Translatable but Debatable – עמידה בלחצים (Pressureproofness)

by Mark L. Levinson

From a management course at Tel Aviv University, I learned that your subordinates should be seen as your clients:  clients for your management services.  You supply them with the proper conditions for doing their jobs.  So when I’m reading the want ads, I take it as an admission of failure when the requirements for a routine desk job include dealing with pressure: עמידה בלחץ or עמידה בלחצים.  (For what it’s worth, in Hebrew ads the plural — “pressures” — is about 50% more common than the singular.)  If management is doing its job supplying a proper work environment, pressure should not be noticed at the bottom of the hierarchy unless it’s the hierarchy of the emergency rescue forces.

When I see an ad that tells the applicant to expect pressure at the office, I take it to mean “We’ve had workers burn out, and since our methods can’t be at fault, it must be that we need tougher workers.”

There’s a cantankerous sign you can buy that says “Lack of planning on your part does not constitute an emergency on my part.”  But when I went Googling for עמידה בלחץ I came upon three search pages — two in English, one in Hebrew — where it appeared that people had been looking for job descriptions that include pressure.  Maybe such people exist.

Google also turned up the phrase “when not under pressure,” and I imagined perhaps I had found an employer who wanted to be sure that on slow days the staff won’t just sit watching YouTube and let the work pile up.  But the webpage turned out to say “Manages self with same standards under pressure as when not under pressure.”  It seems nobody cares that much about what workers do on the slow days.

I was Googling because עמידה בלחץ should be easier to translate than it is.  The idea of עמידה  is that the pressure doesn’t affect you negatively.  But if the translation is literal — resistant to pressure, indifferent to pressure, withstanding pressure, impervious to pressure — it sounds as if the worker simply keeps plodding along without taking the pressure into account, rather than coping with it as necessary.  Imperturbable, unflappable, but stubbornly unhurried.  Or worse yet, if described as “resistant” to pressure or standing up to pressure, the worker may sound like somebody who reacts with resentful defiance.

What the employer wants is both equanimity and, when necessary, a spurt of productivity.  In English, the common solution is to refrain from describing the desired quality and to describe the desired activity instead:  “Works well under pressure” is most common.  I also found “You will need to work quickly and calmly when under pressure.”  Also “Ability to maintain professionalism under pressure,” “Works well with others under pressure” (good point; lashing out at others is all too natural), and “Capability to achieve results under pressure,” the last being required of candidates for the post of admissions consultant at Peking University, Beijing.  Maybe the pressure is from constant pestering about why if the city is now called Beijing, the university is still called Peking.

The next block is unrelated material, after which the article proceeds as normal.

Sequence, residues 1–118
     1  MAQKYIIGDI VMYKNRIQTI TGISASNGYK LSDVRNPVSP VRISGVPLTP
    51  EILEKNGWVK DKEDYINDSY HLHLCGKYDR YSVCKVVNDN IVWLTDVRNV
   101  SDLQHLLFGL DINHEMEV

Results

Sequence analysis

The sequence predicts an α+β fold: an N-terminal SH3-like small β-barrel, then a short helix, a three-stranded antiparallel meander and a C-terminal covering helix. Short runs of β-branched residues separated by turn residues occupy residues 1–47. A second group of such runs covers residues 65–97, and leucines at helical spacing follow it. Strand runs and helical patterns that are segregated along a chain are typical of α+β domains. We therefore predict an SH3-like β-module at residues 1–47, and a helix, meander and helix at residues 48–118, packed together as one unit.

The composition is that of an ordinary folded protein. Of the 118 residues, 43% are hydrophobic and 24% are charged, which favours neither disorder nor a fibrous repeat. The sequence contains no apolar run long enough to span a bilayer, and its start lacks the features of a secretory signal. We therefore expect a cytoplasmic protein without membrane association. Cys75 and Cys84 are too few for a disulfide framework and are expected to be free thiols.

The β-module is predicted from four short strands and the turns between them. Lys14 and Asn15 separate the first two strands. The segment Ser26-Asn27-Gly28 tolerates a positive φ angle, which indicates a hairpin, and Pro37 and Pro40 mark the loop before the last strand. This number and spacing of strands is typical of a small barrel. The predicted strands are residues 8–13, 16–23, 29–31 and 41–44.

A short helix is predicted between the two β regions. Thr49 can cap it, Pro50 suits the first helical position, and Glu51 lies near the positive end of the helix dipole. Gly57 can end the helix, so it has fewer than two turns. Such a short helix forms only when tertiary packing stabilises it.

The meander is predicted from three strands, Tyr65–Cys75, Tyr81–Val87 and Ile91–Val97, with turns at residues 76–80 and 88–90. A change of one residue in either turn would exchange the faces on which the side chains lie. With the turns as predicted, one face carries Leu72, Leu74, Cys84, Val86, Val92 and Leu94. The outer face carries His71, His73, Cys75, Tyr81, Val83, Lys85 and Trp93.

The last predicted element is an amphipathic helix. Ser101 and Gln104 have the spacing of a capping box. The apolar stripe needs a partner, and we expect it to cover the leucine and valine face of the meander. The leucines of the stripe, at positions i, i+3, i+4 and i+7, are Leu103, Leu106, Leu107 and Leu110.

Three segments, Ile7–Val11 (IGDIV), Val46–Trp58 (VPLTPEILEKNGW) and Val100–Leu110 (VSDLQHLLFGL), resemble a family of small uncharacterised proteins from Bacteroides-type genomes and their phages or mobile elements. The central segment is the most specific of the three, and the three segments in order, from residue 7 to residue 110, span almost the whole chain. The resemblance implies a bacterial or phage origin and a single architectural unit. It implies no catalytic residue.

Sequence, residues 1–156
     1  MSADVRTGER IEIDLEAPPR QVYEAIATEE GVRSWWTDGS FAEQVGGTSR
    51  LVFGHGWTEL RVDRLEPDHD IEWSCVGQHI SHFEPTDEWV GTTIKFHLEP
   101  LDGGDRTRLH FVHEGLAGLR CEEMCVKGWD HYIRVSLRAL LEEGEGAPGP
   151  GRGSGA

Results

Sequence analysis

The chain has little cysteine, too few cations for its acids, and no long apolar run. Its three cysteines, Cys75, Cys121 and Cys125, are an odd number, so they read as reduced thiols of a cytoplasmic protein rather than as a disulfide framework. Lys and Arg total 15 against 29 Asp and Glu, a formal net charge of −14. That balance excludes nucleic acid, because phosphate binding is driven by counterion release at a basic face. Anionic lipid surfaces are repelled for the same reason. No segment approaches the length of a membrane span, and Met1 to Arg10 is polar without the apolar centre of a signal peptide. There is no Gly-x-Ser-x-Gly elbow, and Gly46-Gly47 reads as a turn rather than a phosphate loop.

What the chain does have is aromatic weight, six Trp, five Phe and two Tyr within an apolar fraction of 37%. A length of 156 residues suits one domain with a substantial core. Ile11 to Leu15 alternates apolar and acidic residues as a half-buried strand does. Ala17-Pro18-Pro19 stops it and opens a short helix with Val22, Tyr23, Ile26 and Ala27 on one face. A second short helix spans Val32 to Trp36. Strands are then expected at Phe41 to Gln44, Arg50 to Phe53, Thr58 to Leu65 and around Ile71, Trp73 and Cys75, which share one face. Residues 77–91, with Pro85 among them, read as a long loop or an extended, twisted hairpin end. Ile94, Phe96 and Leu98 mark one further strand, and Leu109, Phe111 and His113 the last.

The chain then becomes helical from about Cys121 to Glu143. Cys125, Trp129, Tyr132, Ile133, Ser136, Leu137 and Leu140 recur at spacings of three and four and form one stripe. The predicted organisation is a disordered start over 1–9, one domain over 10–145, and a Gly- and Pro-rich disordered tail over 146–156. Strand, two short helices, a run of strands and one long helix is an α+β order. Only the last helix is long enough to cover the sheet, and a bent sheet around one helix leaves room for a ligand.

The phrase “tolerant of pressure” (or “tolerance for pressure”) has some currency, and I think it’s a good translation.  Google shows several jobs like that in the UK, America, South Africa, and Australia.  I have a feeling that “tolerance” here means more than just equanimity; it means that the pressure can be healthily absorbed. 

And the term “grace under pressure” is also out there, although less common than I’d expected.  It’s a phrase made popular by Hemingway in the late 1920s.  Maybe “grace” seems too literary or makes the worker sound unrealistically angelic. “Maintain a positive attitude while under pressure” (from an ad for pizza workers) may be a more down-to-earth phrasing. 

There’s a company that writes of “the capability to remain gracefully competent under pressure” but I’m not sure if I’d recommend them as writers to emulate.  After reading their profile I’m still not sure what they do.  “We leverage the unique strengths of corporations, governments, social sector organizations, educational institutions, and individuals to enhance the abilities of people and communities to solve complex problems and attain mutually beneficial goals.  With a quarter century of experience in more than 90 countries, our team is passionate and dedicated to navigating challenges and pinpointing purposeful global engagement opportunities for our clients and partners.”

Far be it from me to attempt any pressure, but it does make the page more interesting when people add comments at the end about the particular word or phrase discussed.  And suggestions for further words and phrases are always welcome at .

Mark L. Levinson

Born 1948 a few trolley stops from Boston, Massachusetts. Bachelor's degree from Harvard College. Moved to Israel in 1970. Worked and learned Hebrew on Kibbutz Ramat Hashofet. Moved to Haifa and worked teaching English to adults. Did similar work in the army. After discharge, turned to technical writing, initially for Elbit. Then promotional writing for Scitex, and more technical (and occasionally promotional) writing for Edunetics, Daisy Systems (later named Dazix, SEE Technologies, and Summit Design), Memco, and Gilian. Also translated from Hebrew to English, everything from business articles to fiction, filmscripts, and poetry. Served as local chapter president for the Society for Technical Communication, editor of several issues of local literary journals, occasional political columnist and book reviewer for the Jerusalem Post, and husband & father.